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Re: [Xen-devel] Slow guest network I/O when CPU is pegged - Looking for

To: Keir Fraser <Keir.Fraser@xxxxxxxxxxxx>
Subject: Re: [Xen-devel] Slow guest network I/O when CPU is pegged - Looking for acknowledgement from developers
From: Matt Ayres <matta@xxxxxxxxxxxx>
Date: Thu, 13 Apr 2006 09:52:19 -0400
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Keir Fraser wrote:

On 7 Apr 2006, at 19:25, Matt Ayres wrote:

Ok, so we all know that guest network I/O is slow when the system CPU's are being utilized extensively whether it be from dom0 or from other guests. Lots of people have written about this and I can post concrete tests if required.

I'm just looking for one of the Xen developers to acknowledge that they have been able to replicate the problem and it is indeed being worked on or will be sometime in the near future. No one has acknowledged any of the previous threads on either list so I want to make sure it is an outstanding issue that is not being overlooked.

It depends on the setup but poor scheduling is the main reason for poor network performance, usually. SEDF seems to have some problems with real-time domains (like domain0 with its default scheduling parameters) and gives them all the CPU they want -- this is obviously going to be bad if a client domain is scheduled on the same CPU.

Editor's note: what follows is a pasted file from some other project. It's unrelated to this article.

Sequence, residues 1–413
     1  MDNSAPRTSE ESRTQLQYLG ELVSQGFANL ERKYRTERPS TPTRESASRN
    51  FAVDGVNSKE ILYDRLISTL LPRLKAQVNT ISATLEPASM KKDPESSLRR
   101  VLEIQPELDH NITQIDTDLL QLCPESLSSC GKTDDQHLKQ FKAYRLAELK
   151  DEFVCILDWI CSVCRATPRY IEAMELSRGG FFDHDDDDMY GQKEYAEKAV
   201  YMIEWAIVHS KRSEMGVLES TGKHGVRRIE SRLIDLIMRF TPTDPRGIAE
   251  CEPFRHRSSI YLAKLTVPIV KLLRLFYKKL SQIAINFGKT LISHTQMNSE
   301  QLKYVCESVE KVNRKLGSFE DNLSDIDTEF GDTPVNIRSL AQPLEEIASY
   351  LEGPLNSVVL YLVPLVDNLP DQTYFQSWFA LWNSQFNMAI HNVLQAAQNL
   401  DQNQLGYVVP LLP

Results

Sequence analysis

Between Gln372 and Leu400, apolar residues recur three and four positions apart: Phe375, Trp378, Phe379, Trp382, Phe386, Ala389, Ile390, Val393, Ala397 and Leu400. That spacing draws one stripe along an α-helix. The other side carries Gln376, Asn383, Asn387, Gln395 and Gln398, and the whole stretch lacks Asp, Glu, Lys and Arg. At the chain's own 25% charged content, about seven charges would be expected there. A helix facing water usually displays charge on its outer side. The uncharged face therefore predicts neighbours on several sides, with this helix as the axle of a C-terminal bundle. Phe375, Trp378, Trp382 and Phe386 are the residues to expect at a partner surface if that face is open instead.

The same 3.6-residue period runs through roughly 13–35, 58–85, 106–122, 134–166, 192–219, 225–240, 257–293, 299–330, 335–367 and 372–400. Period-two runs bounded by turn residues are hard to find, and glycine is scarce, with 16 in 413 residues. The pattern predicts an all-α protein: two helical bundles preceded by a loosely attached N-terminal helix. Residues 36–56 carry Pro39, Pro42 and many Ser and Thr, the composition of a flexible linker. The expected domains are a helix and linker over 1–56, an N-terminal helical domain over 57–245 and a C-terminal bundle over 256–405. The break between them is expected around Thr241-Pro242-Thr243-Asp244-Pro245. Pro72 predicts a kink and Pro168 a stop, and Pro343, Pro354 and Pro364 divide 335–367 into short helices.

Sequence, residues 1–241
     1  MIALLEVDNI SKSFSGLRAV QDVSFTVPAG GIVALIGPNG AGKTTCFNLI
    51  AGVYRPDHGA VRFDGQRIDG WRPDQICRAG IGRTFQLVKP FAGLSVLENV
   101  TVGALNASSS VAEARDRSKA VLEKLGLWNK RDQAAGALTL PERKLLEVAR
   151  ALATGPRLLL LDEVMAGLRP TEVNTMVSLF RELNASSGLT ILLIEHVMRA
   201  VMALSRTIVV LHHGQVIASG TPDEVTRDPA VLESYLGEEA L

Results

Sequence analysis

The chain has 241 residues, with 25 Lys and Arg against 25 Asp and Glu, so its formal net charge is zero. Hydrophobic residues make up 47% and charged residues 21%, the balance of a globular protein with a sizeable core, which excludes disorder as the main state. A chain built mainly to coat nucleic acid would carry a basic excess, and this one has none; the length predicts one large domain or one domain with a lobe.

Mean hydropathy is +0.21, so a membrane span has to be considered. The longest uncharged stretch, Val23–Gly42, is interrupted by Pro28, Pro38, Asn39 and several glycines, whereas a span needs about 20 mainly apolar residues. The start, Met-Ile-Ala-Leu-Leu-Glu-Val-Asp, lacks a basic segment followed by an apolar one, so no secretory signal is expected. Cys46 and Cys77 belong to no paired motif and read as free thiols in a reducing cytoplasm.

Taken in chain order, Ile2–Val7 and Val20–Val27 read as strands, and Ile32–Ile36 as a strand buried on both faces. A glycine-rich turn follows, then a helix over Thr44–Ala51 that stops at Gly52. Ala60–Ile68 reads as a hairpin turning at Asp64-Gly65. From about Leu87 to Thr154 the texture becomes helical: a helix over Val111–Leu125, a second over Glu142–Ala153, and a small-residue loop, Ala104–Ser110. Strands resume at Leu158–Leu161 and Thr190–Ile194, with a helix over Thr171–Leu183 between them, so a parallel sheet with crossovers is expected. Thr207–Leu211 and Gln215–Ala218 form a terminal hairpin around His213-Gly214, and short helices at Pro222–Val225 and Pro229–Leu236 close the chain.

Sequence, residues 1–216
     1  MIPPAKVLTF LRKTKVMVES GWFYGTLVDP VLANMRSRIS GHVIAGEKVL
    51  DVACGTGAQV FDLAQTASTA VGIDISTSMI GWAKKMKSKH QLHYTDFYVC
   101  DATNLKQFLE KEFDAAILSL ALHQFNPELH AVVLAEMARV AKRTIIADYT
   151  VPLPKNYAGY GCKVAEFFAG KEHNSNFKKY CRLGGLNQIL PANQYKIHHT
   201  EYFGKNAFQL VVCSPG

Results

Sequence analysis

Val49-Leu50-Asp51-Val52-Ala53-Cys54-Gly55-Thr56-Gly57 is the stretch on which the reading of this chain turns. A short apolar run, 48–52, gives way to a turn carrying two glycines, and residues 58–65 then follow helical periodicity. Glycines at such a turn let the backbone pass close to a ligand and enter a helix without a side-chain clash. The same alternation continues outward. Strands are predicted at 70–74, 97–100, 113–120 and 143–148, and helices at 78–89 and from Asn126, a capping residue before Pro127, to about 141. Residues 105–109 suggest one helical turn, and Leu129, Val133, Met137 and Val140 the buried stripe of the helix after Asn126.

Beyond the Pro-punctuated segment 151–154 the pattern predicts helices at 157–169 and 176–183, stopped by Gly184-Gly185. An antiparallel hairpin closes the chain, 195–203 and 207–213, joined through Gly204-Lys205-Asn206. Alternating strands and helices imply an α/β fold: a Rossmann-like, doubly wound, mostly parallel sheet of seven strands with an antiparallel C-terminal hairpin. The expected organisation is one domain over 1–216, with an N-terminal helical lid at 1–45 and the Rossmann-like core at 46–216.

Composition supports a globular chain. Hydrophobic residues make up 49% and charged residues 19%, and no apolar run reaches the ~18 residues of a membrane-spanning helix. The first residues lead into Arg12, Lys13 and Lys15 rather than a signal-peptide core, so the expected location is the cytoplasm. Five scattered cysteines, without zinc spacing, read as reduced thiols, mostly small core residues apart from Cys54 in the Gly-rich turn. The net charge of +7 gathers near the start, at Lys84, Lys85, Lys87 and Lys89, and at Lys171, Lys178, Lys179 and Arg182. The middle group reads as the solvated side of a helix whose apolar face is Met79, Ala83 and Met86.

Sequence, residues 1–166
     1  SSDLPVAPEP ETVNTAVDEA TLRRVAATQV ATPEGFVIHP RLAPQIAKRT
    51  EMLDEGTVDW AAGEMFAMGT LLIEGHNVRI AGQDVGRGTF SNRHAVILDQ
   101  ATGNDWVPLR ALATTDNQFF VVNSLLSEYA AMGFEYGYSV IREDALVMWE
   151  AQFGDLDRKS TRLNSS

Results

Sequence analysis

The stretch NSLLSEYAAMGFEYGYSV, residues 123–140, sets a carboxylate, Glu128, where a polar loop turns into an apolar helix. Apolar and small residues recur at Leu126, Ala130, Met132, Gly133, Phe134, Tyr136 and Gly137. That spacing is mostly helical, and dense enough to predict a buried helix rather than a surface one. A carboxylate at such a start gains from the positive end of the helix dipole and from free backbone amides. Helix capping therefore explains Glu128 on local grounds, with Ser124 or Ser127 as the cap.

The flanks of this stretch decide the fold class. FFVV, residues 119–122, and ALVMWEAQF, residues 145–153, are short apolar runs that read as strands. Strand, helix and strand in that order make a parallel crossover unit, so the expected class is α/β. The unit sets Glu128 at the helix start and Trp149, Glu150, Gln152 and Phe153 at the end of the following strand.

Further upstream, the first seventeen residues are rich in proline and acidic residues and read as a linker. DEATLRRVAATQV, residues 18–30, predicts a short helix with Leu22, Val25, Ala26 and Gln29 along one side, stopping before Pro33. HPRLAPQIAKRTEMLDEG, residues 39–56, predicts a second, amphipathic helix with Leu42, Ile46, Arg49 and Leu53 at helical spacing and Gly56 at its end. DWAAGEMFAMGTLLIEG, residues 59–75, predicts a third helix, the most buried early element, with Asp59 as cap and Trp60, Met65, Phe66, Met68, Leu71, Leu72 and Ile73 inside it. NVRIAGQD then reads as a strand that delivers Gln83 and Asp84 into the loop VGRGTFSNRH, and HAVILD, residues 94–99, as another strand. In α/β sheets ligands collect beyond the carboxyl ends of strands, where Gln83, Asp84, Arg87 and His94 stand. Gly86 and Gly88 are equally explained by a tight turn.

You hit it right here. I did some thinking and informal tests and came to a conclusion. The SEDF is the "new kid" on the block and it also the default, hence everyone is using it. In many cases (such as mine) people are just using SEDF with the weight. Also, extratime seems to be broken (according to Stephen in an old post) and doesn't work well with heavy I/O. It especially doesn't do well when dom0 does anything else but provide block and network device access, even when it is tuned in proportion to the other VM weights.

Another argument is that the SEDF scheduler is just TOO good at what it does, in that case it needs some work done to be more flexible. Users should consider and test both schedulers before making a decision on which to use, there is no clear "winner".

Why am I replying? I did my tests. BVT is nowhere near as strict as SEDF in it's "while 1" tests as far as allocating CPU to domains, but it seems to do a good enough job of providing a proportional share based on weight (duh) in a real world production environment. It also fixed my network throughput problem.


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